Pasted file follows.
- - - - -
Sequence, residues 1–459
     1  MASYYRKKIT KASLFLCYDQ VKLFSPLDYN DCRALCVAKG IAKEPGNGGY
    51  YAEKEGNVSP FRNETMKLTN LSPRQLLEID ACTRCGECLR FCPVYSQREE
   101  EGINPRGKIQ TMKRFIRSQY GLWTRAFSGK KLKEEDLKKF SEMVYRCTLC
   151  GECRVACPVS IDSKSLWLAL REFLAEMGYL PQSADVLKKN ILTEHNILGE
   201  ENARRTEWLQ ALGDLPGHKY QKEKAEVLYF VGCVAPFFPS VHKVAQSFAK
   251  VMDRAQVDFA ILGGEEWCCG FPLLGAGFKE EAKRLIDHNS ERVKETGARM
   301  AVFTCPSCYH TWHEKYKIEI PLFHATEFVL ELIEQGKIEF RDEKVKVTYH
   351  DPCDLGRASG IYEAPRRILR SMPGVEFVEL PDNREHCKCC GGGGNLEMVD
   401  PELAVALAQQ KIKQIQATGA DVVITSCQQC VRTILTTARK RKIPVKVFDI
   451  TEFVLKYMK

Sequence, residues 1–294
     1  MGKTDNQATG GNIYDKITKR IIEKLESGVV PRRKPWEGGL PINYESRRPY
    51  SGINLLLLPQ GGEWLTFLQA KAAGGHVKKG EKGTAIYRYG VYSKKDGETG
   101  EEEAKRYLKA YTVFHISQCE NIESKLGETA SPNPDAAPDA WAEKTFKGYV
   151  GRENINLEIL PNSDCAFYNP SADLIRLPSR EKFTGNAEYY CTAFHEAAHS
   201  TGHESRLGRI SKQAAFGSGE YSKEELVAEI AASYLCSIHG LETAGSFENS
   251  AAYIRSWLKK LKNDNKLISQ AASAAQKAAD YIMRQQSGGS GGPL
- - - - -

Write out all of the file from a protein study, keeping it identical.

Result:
Sequence, residues 1–459
     1  MASYYRKKIT KASLFLCYDQ VKLFSPLDYN DCRALCVAKG IAKEPGNGGY
    51  YAEKEGNVSP FRNETMKLTN LSPRQLLEID ACTRCGECLR FCPVYSQREE
   101  EGINPRGKIQ TMKRFIRSQY GLWTRAFSGK KLKEEDLKKF SEMVYRCTLC
   151  GECRVACPVS IDSKSLWLAL REFLAEMGYL PQSADVLKKN ILTEHNILGE
   201  ENARRTEWLQ ALGDLPGHKY QKEKAEVLYF VGCVAPFFPS VHKVAQSFAK
   251  VMDRAQVDFA ILGGEEWCCG FPLLGAGFKE EAKRLIDHNS ERVKETGARM
   301  AVFTCPSCYH TWHEKYKIEI PLFHATEFVL ELIEQGKIEF RDEKVKVTYH
   351  DPCDLGRASG IYEAPRRILR SMPGVEFVEL PDNREHCKCC GGGGNLEMVD
   401  PELAVALAQQ KIKQIQATGA DVVITSCQQC VRTILTTARK RKIPVKVFDI
   451  TEFVLKYMK

Sequence, residues 1–294
     1  MGKTDNQATG GNIYDKITKR IIEKLESGVV PRRKPWEGGL PINYESRRPY
    51  SGINLLLLPQ GGEWLTFLQA KAAGGHVKKG EKGTAIYRYG VYSKKDGETG
   101  EEEAKRYLKA YTVFHISQCE NIESKLGETA SPNPDAAPDA WAEKTFKGYV
   151  GRENINLEIL PNSDCAFYNP SADLIRLPSR EKFTGNAEYY CTAFHEAAHS
   201  TGHESRLGRI SKQAAFGSGE YSKEELVAEI AASYLCSIHG LETAGSFENS
   251  AAYIRSWLKK LKNDNKLISQ AASAAQKAAD YIMRQQSGGS GGPL